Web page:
From the mid-1940s through the end of the 1950s, Camel was the best-selling American cigarette. RJRT resisted making changes to its premier brand; indeed, public outcry over a minor packaging revision in 1958 caused RJRT to withdraw it. Despite the addition of Camel Filters in 1966 and Camel Lights somewhat later, the brand's market share steadily declined into the 1980s. Then the "Joe Camel" advertising campaign, introduced in 1987, rejuvenated the brand, giving it a more youthful image.◆ By 1997, when RJRT discontinued the campaign amid pressure from antismoking groups, Camel's market share, especially among the youngest smokers, had increased dramatically. Since then, Camel marketing has sought to project a youthful image, particularly with the recent "Kamel" and "Camel Exotic" brand extensions.

See "Youth Marketing" for a photograph of a Joe Camel billboard.

See Also Gitanes/Gauloises; Lucky Strike; Marlboro; Virginia Slims.

▌ JOSEPH PARKER

BIBLIOGRAPHY

DeSmith, David. A Camel Named Joe. Boston: duCap Books, 1998.

Kluger, Richard. Ashes to Ashes: America's Hundred-Year Cigarette War, the Public Health, and the Unabashed Triumph of Philip Morris. New York: Alfred A. Knopf, 1996.

Tilley, Nannie M. The R.J. Reynolds Tobacco Company. Chapel Hill: University of North Carolina Press, 1985.

American blend cigarette cigarette made from blend of various American tobaccos, for example, Bright (also called Virginia) and Burley. Can also refer to cigarette containing American tobaccos blended with similar Asian or African tobaccos.

Turkish tobacco a variety of mild, aromatic tobacco. Ironically, Turkish tobacco is not native to Turkey but was imported from North America. Turkish tobacco leaves are smaller and more delicate than American varieties. It is usually blended with Bright Leaf (Virginia) and Burley in cigarettes.

market share the fraction, usually expressed as a percentage, of total commerce for a given product controlled by a single brand; the consumer patronage for a given brand or style of product.

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Camels

Camels

Old World camels

New World camels

Resources

Camels and their relatives, the llamas, guanacos, alpacas, and vicuñs, are long-legged, hoofed mammals in the family Camelidae in order Artiodactyla, whose members have an even number of toes. All camelids have a cleft in their upper lip, and all have the ability to withstand extremes of heat and cold.

Camelids evolved in North America and spread into South America, Asia, and Africa. Camels in Asia and Africa today have been domesticated for up to 3,500 years. The two smaller South American species of camel have been bred to develop two purely domestic species, the llama and the alpaca.

Like cattle, camelids are cud-chewing animals, or ruminants. However, unlike other ruminants, which have four chambers to their stomachs, camelids have only three. Both males and females have the same number of teeth for feeding, but the front incisor teeth of the males are large and sharp, making them useful for fighting. Camelids have oval-shaped red blood cells, whereas all other mammals have round red blood cells.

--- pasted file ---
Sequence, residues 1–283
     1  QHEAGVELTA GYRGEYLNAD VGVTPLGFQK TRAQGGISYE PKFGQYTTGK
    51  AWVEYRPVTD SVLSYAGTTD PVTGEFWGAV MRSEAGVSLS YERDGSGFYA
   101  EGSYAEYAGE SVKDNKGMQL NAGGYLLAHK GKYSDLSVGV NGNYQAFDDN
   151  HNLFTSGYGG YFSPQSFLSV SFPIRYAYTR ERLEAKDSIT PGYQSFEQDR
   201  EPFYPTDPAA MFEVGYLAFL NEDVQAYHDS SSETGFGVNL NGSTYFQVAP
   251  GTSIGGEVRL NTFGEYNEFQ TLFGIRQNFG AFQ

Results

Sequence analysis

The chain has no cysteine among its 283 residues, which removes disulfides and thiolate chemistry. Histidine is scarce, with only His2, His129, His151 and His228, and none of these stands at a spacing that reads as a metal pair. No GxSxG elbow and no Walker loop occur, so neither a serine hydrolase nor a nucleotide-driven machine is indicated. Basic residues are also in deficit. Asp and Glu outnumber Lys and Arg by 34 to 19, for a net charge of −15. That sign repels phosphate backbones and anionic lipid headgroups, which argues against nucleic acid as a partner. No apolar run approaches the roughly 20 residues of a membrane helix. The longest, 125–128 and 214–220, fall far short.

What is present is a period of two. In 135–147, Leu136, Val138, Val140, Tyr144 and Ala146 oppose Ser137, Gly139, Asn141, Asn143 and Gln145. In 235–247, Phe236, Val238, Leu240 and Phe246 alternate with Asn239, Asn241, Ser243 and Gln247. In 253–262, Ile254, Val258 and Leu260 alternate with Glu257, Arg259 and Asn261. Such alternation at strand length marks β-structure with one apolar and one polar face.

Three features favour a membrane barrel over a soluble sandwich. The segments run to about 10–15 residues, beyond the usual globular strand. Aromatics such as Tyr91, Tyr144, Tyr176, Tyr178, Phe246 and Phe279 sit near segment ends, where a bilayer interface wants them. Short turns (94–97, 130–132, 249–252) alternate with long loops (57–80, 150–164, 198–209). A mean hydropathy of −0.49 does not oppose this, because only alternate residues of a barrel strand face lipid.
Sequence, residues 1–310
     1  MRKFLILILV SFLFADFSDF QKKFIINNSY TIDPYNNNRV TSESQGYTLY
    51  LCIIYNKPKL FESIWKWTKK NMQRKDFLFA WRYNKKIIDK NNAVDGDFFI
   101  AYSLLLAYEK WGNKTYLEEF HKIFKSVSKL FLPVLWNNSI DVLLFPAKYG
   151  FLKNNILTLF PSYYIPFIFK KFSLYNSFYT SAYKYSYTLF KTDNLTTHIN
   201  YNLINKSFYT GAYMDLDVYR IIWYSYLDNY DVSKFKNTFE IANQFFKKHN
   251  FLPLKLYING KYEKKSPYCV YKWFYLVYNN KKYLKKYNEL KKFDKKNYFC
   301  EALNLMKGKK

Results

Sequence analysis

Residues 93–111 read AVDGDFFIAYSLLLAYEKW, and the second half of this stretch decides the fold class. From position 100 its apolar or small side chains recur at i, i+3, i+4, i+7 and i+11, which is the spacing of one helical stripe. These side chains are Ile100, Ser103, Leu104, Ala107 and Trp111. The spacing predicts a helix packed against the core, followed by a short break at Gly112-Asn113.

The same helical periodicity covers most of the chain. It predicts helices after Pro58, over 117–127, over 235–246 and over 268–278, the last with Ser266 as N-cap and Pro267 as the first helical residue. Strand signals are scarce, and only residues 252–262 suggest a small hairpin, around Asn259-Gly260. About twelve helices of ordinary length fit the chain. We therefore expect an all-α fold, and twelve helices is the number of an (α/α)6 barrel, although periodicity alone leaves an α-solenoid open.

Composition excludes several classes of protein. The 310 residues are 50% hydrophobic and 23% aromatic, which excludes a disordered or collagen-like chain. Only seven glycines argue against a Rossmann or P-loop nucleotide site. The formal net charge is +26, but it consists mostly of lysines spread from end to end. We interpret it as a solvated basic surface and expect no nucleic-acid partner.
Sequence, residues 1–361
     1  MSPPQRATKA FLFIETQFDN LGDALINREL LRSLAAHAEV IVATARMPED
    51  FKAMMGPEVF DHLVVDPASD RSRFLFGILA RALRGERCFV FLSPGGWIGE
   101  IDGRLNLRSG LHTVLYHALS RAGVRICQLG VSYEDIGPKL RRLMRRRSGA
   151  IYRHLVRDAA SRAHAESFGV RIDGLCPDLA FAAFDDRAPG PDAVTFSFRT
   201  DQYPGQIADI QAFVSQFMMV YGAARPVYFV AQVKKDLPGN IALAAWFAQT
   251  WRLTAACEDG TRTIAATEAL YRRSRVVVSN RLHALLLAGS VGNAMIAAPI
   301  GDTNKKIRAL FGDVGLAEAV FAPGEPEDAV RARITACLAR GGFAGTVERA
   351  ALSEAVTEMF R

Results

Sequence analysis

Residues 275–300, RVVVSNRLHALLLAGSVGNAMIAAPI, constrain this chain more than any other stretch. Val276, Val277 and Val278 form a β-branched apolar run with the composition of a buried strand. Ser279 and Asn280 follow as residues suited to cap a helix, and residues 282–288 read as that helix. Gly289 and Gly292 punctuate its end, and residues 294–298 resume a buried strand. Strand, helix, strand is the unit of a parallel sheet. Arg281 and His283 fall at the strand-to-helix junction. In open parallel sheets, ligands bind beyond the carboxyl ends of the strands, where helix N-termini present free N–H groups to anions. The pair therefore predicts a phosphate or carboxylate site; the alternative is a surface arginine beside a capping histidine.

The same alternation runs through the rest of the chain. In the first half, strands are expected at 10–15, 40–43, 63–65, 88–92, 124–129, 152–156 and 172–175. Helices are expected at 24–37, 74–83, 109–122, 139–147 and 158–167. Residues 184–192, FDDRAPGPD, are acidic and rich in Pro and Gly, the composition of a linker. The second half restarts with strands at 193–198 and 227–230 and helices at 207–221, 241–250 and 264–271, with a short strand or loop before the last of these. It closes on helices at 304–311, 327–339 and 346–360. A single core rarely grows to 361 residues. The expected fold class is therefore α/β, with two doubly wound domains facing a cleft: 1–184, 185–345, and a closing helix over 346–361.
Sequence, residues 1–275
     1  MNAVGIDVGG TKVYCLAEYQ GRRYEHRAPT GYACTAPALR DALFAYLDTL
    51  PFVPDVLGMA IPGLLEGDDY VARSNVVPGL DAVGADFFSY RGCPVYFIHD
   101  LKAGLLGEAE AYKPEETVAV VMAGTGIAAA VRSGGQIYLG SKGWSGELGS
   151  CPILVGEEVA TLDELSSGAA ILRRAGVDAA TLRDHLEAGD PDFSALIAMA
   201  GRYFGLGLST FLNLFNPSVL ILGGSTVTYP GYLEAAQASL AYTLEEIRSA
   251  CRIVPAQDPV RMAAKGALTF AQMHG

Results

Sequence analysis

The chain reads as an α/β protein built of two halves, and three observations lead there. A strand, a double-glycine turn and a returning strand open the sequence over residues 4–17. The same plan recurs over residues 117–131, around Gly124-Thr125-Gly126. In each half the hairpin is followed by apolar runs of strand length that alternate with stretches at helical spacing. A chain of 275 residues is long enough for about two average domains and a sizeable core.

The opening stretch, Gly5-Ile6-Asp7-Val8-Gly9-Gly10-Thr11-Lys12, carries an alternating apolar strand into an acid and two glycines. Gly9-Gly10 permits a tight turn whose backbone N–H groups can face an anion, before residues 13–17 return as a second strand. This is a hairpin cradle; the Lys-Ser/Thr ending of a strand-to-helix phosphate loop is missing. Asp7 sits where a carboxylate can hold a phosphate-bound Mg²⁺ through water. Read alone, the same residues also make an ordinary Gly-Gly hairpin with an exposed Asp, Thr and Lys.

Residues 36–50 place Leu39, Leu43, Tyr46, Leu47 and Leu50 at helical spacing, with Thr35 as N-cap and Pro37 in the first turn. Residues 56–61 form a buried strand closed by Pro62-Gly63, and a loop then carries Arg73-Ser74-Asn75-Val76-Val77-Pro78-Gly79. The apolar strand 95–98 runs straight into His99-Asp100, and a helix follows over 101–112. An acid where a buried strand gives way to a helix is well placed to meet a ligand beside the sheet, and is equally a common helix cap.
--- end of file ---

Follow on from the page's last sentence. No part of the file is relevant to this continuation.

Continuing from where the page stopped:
Both New World and Old World camels communicate in a variety of ways, including whistling, humming, and spitting. In zoos, camels have been known to spit the contents of their first stomach at annoying visitors.

Old World camels

The Bactrian, or two-humped, camel (Camelus ferus) is the largest species, native to the rocky deserts in Asia. These wild camels were the ancestors of the domestic Bactrian camel, C. bactrianus. These animals are named for the Baktria region of ancient Persia (now Iran), and can withstand severe cold as well as extreme heat (up to 122°F [50°C]). Bactrian camels have a thick and shaggy coat, with very long hair growing downward from their necks. Domesticated bactrians have longer hair than the wild species.

The Bactrian camel stands about 6.5 ft (2 m) high at the shoulder and weighs up to 1,500 lb (680 kg) and can run up to 40 mph (65 km/h). Bactrian camels can carry loads of up to 1,000 lb (454 kg), about twice as much as a dromedary can carry. Although Bactrian camels breed well in zoos, they are almost extinct in the wild, with probably only 900 left in the Gobi Desert of China and Mongolia.

The most common camel is the one-humped Arabian, or dromedary camel, which is known today only as a domesticated species, C. dromedarius. Although the name dromedary has now been given to all one-humped camels, it originated with a special breed developed for great speed in racing. Racing camels can also run over great distancescovering more than 100 mi (160 km) in a day.

Dromedary camels are taller but lighter than Bactrian camels, reaching 7 ft (2.1 m) at the shoulder, and an average weight of about 1,200 lb (550 kg). The animals hair can vary in color from dark brown to white, though most are the tan color referred to as camels hair. The Arabian camel has long been extinct in the wild, though feral populations (domestic animals living in the wild) occur in various parts of the world, including central Australia where the herds number up to 50,000.

Although one-humped and two-humped camels are given separate species names, they can interbreed fairly easily. The product of interbreeding, called a tulu, usually has two humps. This is not surprising in view of the fact that the one-humped camel actually has another hump that lies unnoticed in the shoulder region.